(WHTM) — President Joe Biden recently called for changes to the filibuster as Democrats try to pass voting rights legislation. The filibuster has been around since at least the mid-1800s when the tactic was given its name, and it has been causing headaches — and, during “talking” filibusters, foot aches — for politicians ever since.
The filibuster enables members of the minority party in the Senate to delay a vote on legislation and check the power of the majority party. Franklin & Marshall College professor of government Stephen Medvic described the tactic as “endless debate” in a previous interview with abc27.
As it works today, a senator can filibuster most legislation that reaches the Senate, and then at least 60 senators have to vote in favor of ending the filibuster, thus invoking cloture and moving the legislation to a vote.
Medvic explained that one way to end the filibuster would require a 2/3 majority vote in the Senate to change the 60-vote threshold required for cloture, which is almost impossible to achieve, especially right now with a polarized 50-50 Senate. Adam Lawrence, associate professor in the department of Government, Policy, and Law at Millersville University, explained that there is a simpler way to change Senate rules, dubbed the “nuclear option.”
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Using the “nuclear option,” the Senate majority leader can call for a vote to change a Senate rule, and then only a simple majority of senators (51, which can include the vice president in the case of a tie) must vote in favor of the change in order for it to go into effect. “So in effect, the Senate can change any aspect of the filibuster using the nuclear option,” Lawrence explained.
The filibuster has been changed in the past. It went from a “talking” filibuster, during which senators had to actively speak about an issue to delay the vote, to the “silent” filibuster most common today, in which a senator simply issues a filibuster or states their intent to filibuster legislation without having to monologue to prolong the debate.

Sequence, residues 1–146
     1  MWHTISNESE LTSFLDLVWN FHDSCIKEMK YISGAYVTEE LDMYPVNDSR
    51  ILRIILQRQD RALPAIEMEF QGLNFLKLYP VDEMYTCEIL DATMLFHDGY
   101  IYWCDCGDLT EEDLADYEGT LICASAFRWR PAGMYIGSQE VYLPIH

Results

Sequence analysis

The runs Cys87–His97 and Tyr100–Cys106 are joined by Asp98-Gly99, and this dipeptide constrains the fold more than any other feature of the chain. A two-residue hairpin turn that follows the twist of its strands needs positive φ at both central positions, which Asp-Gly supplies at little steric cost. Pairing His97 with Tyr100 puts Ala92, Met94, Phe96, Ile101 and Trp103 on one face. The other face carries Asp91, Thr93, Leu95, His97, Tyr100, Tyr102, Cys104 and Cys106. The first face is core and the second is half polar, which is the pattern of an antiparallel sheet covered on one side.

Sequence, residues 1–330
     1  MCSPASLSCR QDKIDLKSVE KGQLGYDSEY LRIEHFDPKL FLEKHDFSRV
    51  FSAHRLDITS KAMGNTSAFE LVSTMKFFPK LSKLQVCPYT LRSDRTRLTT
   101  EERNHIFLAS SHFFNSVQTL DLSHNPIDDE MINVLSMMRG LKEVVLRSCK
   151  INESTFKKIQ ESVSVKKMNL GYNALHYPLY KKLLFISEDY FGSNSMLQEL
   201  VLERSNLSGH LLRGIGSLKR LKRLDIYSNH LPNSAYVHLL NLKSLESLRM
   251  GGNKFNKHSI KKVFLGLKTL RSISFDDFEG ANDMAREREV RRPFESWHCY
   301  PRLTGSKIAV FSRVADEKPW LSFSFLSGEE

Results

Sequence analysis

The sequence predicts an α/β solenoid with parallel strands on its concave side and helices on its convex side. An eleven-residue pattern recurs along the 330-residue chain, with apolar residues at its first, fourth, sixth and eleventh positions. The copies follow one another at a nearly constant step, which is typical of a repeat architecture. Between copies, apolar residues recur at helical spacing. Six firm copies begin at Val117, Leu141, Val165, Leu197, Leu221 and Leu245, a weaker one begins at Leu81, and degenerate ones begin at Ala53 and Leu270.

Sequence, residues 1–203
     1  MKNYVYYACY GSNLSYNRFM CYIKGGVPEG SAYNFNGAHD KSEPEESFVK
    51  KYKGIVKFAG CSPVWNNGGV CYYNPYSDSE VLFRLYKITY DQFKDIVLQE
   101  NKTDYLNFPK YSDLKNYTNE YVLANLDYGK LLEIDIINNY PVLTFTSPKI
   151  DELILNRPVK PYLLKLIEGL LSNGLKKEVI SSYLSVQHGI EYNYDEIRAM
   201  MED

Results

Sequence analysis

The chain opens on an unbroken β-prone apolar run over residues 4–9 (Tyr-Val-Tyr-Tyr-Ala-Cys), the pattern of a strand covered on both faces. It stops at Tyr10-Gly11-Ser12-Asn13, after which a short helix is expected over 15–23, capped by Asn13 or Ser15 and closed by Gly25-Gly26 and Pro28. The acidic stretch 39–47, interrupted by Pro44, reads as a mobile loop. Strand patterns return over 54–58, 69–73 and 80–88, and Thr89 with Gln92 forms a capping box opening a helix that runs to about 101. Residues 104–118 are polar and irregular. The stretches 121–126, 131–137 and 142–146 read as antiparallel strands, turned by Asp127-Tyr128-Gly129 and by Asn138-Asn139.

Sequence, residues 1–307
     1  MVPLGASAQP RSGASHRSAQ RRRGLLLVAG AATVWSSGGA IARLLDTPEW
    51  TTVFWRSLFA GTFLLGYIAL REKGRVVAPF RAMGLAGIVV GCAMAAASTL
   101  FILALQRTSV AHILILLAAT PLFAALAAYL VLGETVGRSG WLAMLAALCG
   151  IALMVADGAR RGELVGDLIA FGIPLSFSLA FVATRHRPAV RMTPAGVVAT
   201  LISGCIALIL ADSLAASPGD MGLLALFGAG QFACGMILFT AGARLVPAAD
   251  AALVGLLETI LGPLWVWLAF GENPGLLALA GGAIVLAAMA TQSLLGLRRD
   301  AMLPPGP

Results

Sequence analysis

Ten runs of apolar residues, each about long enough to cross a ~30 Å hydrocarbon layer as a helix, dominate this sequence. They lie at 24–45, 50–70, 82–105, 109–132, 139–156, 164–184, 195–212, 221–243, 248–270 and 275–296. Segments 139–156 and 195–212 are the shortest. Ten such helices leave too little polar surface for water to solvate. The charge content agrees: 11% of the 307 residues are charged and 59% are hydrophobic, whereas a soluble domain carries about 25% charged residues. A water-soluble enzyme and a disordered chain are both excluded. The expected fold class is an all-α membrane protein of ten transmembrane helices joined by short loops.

Lawrence noted that other more recent changes came from both Democrats and Republicans. In 2013, Democrat Harry Reid led the use of the “nuclear option” to eliminate the filibuster for executive branch and lower court appointments. And in 2017, Republicans led by Mitch McConnell got rid of the filibuster for Supreme Court appointments, Lawrence explained.
Although Biden is urging changes to the filibuster, Lawrence says that with at least two Democratic senators — Joe Manchin of West Virginia and Kyrsten Sinema of Arizona — opposed to changing the filibuster, it seems unlikely that there are enough votes to change or eliminate the rule in the current Senate.
On top of that, Lawrence said, “The filibuster is supposed to act as a check on ‘the tyranny of the majority,’ and the senators know that and by and large support it because eventually, they’re going to be in the minority.”
As legislation continuously stalls in the Senate and it seems like the votes to change the filibuster just aren’t there, Lawrence said that maybe instead of changing the filibuster, lawmakers could break large comprehensive bills into smaller pieces. This could force legislators to vote on specific issues, such as making Election Day a federal holiday, rather than huge clusters of proposals, some of which may have more support than others.